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Ren, B. Sporadic Hemiplegic Migraine. Encyclopedia. Available online: (accessed on 22 June 2024).
Ren B. Sporadic Hemiplegic Migraine. Encyclopedia. Available at: Accessed June 22, 2024.
Ren, Bruce. "Sporadic Hemiplegic Migraine" Encyclopedia, (accessed June 22, 2024).
Ren, B. (2020, December 23). Sporadic Hemiplegic Migraine. In Encyclopedia.
Ren, Bruce. "Sporadic Hemiplegic Migraine." Encyclopedia. Web. 23 December, 2020.
Sporadic Hemiplegic Migraine

Sporadic hemiplegic migraine is a rare form of migraine headache. Migraines typically cause intense, throbbing pain in one area of the head. Some people with migraines also experience nausea, vomiting, and sensitivity to light and sound. These recurrent headaches typically begin in childhood or adolescence and can be triggered by certain foods, emotional stress, and minor head trauma. Each headache may last from a few hours to a few days.

genetic conditions

1. Introduction

In sporadic hemiplegic migraine and some other types of migraine, a pattern of neurological symptoms called an aura occurs before onset of the headache. An aura commonly includes temporary visual changes such as blind spots (scotomas), flashing lights, zig-zagging lines, and double vision. In people with sporadic hemiplegic migraine, auras are also characterized by temporary numbness or weakness, often affecting one side of the body (hemiparesis). Additional features of an aura can include difficulty with speech, confusion, and drowsiness. An aura typically develops gradually over a few minutes and lasts about an hour.

Some people with sporadic hemiplegic migraine experience unusually severe migraine episodes. These episodes can include fever, prolonged weakness, seizures, and coma. Although most people with sporadic hemiplegic migraine recover completely between episodes, neurological symptoms such as memory loss and problems with attention can last for weeks or months. Some affected individuals develop mild but permanent difficulty coordinating movements (ataxia), which may worsen with time, and rapid, involuntary eye movements called nystagmus. Mild to severe intellectual disability has been reported in some people with sporadic hemiplegic migraine.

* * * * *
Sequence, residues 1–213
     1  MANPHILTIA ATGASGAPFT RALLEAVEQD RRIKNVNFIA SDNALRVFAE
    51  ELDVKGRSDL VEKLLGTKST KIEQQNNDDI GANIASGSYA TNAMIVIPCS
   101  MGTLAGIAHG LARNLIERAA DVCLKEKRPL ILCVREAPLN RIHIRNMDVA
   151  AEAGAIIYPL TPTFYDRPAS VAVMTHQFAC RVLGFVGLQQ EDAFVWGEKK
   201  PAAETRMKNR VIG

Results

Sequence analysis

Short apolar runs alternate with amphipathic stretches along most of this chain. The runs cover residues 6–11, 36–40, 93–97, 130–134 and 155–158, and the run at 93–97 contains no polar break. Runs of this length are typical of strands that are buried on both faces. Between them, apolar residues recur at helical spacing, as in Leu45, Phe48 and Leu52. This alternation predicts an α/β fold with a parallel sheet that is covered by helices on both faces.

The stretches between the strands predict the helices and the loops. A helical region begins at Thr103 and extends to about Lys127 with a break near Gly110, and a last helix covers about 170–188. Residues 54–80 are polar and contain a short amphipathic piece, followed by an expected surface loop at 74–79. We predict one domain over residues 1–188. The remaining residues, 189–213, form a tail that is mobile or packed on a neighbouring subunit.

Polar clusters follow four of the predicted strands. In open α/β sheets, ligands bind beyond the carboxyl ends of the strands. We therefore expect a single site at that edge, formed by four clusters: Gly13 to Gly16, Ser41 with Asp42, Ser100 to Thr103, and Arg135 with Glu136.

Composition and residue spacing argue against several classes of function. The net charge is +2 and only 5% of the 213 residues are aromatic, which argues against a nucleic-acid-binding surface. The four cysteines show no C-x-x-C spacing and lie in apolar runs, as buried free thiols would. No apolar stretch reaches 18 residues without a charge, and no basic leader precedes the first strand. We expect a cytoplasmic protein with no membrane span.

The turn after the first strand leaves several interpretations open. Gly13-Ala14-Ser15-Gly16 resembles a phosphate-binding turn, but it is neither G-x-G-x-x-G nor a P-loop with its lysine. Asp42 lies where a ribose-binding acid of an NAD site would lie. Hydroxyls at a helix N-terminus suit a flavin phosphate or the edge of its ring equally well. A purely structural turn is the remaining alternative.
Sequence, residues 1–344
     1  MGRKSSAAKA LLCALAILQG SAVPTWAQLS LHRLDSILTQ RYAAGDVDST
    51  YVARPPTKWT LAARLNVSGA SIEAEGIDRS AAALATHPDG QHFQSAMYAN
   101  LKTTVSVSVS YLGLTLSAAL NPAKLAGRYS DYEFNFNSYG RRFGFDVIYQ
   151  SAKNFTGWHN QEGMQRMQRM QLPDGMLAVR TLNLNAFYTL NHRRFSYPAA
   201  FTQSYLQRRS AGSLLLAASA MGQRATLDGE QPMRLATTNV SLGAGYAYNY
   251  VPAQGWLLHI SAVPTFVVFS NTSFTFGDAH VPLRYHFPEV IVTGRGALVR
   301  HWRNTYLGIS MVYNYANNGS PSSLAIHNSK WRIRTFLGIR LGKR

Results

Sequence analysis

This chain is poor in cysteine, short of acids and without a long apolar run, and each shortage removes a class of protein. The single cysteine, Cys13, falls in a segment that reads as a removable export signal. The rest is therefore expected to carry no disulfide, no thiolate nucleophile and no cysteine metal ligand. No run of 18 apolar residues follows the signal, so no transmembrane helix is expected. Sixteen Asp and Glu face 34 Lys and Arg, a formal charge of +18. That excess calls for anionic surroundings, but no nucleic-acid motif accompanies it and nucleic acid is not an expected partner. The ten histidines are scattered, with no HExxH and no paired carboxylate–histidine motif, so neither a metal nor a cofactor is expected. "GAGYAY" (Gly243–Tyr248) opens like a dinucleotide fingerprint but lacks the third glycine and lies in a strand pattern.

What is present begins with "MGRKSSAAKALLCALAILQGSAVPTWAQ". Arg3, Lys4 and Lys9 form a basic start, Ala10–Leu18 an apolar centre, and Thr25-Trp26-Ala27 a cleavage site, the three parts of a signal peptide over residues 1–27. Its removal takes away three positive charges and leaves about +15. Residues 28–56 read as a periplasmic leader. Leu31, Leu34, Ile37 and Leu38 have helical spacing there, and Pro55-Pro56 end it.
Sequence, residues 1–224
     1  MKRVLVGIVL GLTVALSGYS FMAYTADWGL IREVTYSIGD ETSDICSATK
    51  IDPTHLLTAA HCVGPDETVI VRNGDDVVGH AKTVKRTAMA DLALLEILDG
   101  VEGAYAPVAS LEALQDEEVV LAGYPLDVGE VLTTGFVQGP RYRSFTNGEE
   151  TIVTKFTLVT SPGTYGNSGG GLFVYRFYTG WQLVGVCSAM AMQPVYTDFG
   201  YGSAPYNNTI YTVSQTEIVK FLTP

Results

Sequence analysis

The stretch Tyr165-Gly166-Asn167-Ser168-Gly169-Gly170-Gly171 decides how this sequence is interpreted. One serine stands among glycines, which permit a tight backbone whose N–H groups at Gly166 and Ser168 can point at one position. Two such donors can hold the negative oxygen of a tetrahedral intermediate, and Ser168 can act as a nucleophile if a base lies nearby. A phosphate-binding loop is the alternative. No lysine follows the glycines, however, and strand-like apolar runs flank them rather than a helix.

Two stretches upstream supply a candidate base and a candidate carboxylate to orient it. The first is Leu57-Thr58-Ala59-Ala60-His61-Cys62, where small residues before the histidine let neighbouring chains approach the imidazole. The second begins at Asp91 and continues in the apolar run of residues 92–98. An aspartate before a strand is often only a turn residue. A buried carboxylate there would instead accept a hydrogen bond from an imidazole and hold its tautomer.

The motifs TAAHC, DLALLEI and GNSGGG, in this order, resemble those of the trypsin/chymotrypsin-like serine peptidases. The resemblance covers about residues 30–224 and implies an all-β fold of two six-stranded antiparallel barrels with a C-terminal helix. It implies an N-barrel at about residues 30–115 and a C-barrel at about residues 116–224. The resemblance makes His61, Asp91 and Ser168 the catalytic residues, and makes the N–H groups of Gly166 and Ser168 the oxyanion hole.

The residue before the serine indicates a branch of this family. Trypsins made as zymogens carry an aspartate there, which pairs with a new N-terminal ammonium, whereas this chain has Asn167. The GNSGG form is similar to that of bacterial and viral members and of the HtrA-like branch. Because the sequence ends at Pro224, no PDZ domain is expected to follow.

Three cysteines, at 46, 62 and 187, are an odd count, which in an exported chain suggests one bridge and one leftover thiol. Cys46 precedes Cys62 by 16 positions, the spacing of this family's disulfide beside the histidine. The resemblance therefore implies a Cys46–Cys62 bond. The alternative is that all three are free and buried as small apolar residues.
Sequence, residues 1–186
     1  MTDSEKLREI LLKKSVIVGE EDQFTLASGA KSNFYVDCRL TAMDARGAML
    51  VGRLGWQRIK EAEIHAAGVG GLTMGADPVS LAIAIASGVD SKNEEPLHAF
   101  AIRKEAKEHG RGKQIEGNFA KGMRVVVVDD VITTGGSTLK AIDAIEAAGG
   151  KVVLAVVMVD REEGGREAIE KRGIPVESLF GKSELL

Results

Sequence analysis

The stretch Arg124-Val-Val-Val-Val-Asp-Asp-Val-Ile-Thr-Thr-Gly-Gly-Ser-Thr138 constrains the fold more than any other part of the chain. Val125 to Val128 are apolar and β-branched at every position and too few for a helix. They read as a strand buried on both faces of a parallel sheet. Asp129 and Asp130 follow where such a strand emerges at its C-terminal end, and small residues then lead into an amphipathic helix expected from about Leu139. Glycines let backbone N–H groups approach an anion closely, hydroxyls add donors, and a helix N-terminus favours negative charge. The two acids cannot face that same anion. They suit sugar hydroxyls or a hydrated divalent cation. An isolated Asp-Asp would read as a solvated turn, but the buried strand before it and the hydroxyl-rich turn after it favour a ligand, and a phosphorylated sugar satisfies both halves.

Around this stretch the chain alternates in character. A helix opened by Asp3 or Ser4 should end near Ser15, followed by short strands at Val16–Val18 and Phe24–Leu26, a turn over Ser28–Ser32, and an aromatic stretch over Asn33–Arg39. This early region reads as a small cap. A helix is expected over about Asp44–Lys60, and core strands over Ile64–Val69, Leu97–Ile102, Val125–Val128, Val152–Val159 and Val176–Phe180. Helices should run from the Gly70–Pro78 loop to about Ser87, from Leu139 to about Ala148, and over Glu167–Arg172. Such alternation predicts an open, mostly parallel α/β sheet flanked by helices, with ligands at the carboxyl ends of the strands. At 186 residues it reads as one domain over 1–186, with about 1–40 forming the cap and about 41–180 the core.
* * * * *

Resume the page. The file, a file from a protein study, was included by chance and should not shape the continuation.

2. Frequency

The worldwide prevalence of sporadic hemiplegic migraine is unknown. Studies suggest that in Denmark about 1 in 10,000 people have hemiplegic migraine and that the condition occurs equally in families with multiple affected individuals (familial hemiplegic migraine) and in individuals with no family history of the condition (sporadic hemiplegic migraine).

3. Causes

Mutations in the ATP1A2 and CACNA1A genes have been found to cause sporadic hemiplegic migraine. The proteins produced from these genes transport charged atoms (ions) across cell membranes. The movement of these ions is critical for normal signaling between nerve cells (neurons) in the brain and other parts of the nervous system. Signaling between neurons relies on chemicals called neurotransmitters, which are released from one neuron and taken up by neighboring neurons. Mutations in the ATP1A2 and CACNA1A genes disrupt the transport of ions in neurons, which is thought to impair the normal release and uptake of certain neurotransmitters in the brain. The resulting abnormal signaling may lead to the severe headaches and auras characteristic of sporadic hemiplegic migraine.

Many people with sporadic hemiplegic migraine do not have a mutation in one of the known genes. Researchers believe that mutations in other genes are also involved in the condition, although these genes have not been identified.

There is little evidence that mutations in the CACNA1A and ATP1A2 genes play a role in common migraines, which affect millions of people each year. Researchers are searching for additional genetic changes that may underlie rare types of migraine, such as sporadic hemiplegic migraine, as well as the more common forms of migraine.

3.1 The genes associated with Sporadic hemiplegic migraine

4. Inheritance

Sporadic means that the condition occurs in individuals with no history of the disorder in their family. While most cases result from new (de novo) mutations that likely occur during early embryonic development, some affected individuals inherit the genetic change that causes the condition from an unaffected parent. (When some people with the mutation have no signs and symptoms of the disorder, the condition is said to have reduced penetrance.) Although family members of an affected individual do not have sporadic hemiplegic migraine, some experience migraine headaches without hemiparesis. A related condition, familial hemiplegic migraine, has signs and symptoms identical to those in sporadic hemiplegic migraine but occurs in multiple members of a family.

5. Other Names for This Condition

  • non-familial hemiplegic migraine
  • SHM


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